One of the great joys of my life is opening up a new book. I especially love reading books about theology. Theology, as a word itself, may cause vastly different responses. Perhaps it may elicit indifference, or disdain. Perhaps joy and excitement. Perhaps confusion. Perhaps horror. What is theology? Depending upon whom you ask you may get several answers. But being a fan of words, I would like to look simply to the word itself.
The word “theology” means literally “words about God” though “the study of God” may be more fitting. The prefix -theos is the Greek word for God. The word is constructed in much the same way as other fields of study where the prefix designates the course of study. For example, biology is the study of living things, and psychology is the study of the soul. How is theology different from these other courses of study?
Theology is the study of the Creator God who has revealed Himself both in creation and through His Word. This supernatural, or what is sometimes called revelatory (after God’s self-revealing of Himself), aspect distinguishes theology from every other -ology out there because the subject in view is necessarily above the one studying. Theology then, if done properly, is inherently reverential or approached in an air of humility. The enterprise itself is not seeking to dissect God, as some might falsely presume. Theology, or the act of thinking about God, is an act of worship whereby the creature considers the God who has spoken, and that, chiefly through Word, contained in the Old and New Testaments.
The field of theology has in many ways been muddied. Even today, there are those whose theological structures may be profound, voluminous, and intricately established. However, there is nothing brilliant about an intricate series of ideas if they are inconsistent, and even antagonistic, with the source material. A Christian cannot and must not function in these ways. But this is all too common today with those who would claim to represent God and yet silence Him over and over again. As Ecclesiastes reminds us, “there is nothing new under the sun.” (Eccl. 1:9 ESV) The same error of false theologies existed in the days of the Old and New Testament (cf. Ezekiel 20:16; 1 Timothy 4:1).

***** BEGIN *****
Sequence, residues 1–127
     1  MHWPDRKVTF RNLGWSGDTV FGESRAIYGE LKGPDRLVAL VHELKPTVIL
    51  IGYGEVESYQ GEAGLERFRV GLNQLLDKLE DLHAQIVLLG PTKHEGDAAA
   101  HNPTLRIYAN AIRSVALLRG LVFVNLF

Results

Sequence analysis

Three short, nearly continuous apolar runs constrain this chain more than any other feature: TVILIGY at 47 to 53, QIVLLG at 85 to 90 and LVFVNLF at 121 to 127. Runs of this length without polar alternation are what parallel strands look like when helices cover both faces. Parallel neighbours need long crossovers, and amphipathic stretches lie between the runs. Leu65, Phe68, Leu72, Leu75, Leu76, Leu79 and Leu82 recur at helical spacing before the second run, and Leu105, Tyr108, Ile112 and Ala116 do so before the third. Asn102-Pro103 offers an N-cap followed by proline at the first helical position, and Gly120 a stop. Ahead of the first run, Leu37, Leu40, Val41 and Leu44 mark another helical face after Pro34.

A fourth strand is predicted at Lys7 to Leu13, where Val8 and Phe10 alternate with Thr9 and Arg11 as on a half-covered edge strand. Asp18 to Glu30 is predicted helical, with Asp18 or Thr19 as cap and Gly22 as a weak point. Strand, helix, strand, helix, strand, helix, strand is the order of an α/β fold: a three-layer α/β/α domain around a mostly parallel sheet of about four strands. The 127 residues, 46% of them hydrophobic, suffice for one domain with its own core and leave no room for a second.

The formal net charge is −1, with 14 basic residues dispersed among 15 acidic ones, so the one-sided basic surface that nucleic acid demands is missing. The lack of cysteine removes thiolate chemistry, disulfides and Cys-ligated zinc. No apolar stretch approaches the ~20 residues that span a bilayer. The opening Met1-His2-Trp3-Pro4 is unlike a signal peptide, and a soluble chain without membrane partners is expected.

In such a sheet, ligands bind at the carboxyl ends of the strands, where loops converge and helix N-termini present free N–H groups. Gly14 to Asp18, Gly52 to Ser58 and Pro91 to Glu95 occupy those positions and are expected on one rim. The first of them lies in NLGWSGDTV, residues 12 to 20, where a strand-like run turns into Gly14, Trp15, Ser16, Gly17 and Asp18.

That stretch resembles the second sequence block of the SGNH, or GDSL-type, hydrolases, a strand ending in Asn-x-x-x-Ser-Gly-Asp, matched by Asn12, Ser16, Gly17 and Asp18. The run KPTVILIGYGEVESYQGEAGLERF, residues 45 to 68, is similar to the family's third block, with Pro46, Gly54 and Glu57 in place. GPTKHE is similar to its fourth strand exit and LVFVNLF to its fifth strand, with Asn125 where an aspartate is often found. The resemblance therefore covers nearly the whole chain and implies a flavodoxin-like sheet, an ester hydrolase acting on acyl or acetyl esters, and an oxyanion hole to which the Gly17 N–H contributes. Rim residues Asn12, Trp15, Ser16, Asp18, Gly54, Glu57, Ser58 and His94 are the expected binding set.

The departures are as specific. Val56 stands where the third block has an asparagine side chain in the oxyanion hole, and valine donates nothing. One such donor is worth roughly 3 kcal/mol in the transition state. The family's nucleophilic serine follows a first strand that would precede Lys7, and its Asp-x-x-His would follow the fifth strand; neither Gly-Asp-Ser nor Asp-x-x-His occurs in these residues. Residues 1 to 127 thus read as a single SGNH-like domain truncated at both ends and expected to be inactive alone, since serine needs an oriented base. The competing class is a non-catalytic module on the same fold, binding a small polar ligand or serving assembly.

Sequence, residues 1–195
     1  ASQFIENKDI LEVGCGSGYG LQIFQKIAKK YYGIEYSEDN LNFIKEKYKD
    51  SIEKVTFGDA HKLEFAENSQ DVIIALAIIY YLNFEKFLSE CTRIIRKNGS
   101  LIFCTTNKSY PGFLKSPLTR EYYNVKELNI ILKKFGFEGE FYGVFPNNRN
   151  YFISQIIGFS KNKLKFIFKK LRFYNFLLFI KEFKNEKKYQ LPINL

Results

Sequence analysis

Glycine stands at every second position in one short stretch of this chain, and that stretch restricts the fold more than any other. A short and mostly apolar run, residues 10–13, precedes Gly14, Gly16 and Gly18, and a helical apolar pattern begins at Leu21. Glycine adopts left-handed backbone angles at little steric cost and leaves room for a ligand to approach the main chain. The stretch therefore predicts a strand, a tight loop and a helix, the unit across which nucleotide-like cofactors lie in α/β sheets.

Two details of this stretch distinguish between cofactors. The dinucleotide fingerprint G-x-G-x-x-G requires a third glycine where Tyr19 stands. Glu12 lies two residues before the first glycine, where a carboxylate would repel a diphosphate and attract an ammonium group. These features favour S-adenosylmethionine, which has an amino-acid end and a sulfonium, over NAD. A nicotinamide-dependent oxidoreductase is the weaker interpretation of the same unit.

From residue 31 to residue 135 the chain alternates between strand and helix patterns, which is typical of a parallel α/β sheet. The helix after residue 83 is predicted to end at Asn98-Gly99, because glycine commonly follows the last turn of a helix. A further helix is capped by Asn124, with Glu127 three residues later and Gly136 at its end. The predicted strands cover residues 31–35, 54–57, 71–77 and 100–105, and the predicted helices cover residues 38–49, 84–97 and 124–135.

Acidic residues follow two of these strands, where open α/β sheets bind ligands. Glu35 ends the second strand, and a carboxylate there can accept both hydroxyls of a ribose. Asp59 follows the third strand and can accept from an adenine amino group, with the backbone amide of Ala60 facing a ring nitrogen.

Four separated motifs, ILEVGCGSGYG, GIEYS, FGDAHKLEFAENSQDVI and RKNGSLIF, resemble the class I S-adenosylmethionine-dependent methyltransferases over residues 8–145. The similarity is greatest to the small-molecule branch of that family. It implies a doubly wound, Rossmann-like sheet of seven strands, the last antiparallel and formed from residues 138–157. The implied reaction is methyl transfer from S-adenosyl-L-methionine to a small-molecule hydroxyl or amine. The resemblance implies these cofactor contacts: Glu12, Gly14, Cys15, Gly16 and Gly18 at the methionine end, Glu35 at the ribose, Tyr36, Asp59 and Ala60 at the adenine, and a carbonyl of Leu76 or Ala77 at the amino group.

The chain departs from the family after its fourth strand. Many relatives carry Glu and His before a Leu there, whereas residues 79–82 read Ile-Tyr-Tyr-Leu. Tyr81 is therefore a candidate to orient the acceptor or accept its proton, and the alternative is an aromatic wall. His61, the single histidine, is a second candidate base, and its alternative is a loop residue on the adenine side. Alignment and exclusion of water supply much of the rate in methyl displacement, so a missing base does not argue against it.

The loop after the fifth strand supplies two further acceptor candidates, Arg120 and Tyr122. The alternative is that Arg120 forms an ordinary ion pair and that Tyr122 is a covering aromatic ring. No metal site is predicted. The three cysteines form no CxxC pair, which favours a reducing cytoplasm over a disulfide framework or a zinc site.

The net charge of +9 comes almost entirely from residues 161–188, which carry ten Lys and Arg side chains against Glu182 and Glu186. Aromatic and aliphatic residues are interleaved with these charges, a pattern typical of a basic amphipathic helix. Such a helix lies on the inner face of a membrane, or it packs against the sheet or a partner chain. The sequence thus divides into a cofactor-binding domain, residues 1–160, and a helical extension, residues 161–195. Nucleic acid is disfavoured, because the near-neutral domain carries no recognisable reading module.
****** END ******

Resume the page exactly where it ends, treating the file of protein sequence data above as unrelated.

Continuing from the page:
With these things in mind, how can we hope to honor God with our own pursuits of theology? It is only by means of recognizing the task at hand. The study of theology is properly a call to “think God’s thoughts after Him.” By God’s grace alone everyone knows something about Him (cf. Romans 1:18-23). The only question is whether or not your theology lines up with what God has said. In other words, are you a God-honoring theologian or not. Herein lies the value of theology.
Theology is meant to lead to doxology. Our knowledge of God ought to lead us to worship Him more and more. Reflexively, the more we worship God the more we want to know about Him. What faithful husband has no desire to learn more about his wife? What healthy relationship lives in stagnation? If we know that our relationships with people cannot remain stagnant and prosper, why would we presume this to be the case with the Almighty? God has spoken, and it is our sacred duty as His creatures to listen carefully.
What are you believing about God today? Is it reflective of what He’s delivered through His world and Word?
The inestimable value of theology for you today is akin to a pair of glasses to those who would be otherwise blind. Theology enables us to see the world rightly. Theology enables the person to see themselves rightly. Theology, empowered by God’s Spirit, enables you to see God rightly. Contrary to popular thought, we do not exist in a cosmic abyss of indifference and chance. We live in God’s world. We live as His creatures. We live to praise His name.
The only question then that you must wrestle with, O theologian, is whether or not you will bring glory to God by means of His justice (if you neglect Him, and remain indifferent towards His Gospel call to repent and believe in His Son), or will you bring glory to God by means of His mercy (rejoicing in the gift of our Savior, the eternal Son of God, the Lord Jesus Christ). No other system of thought has eternal consequences like theology. Therefore, no other system is immediately as pressing today.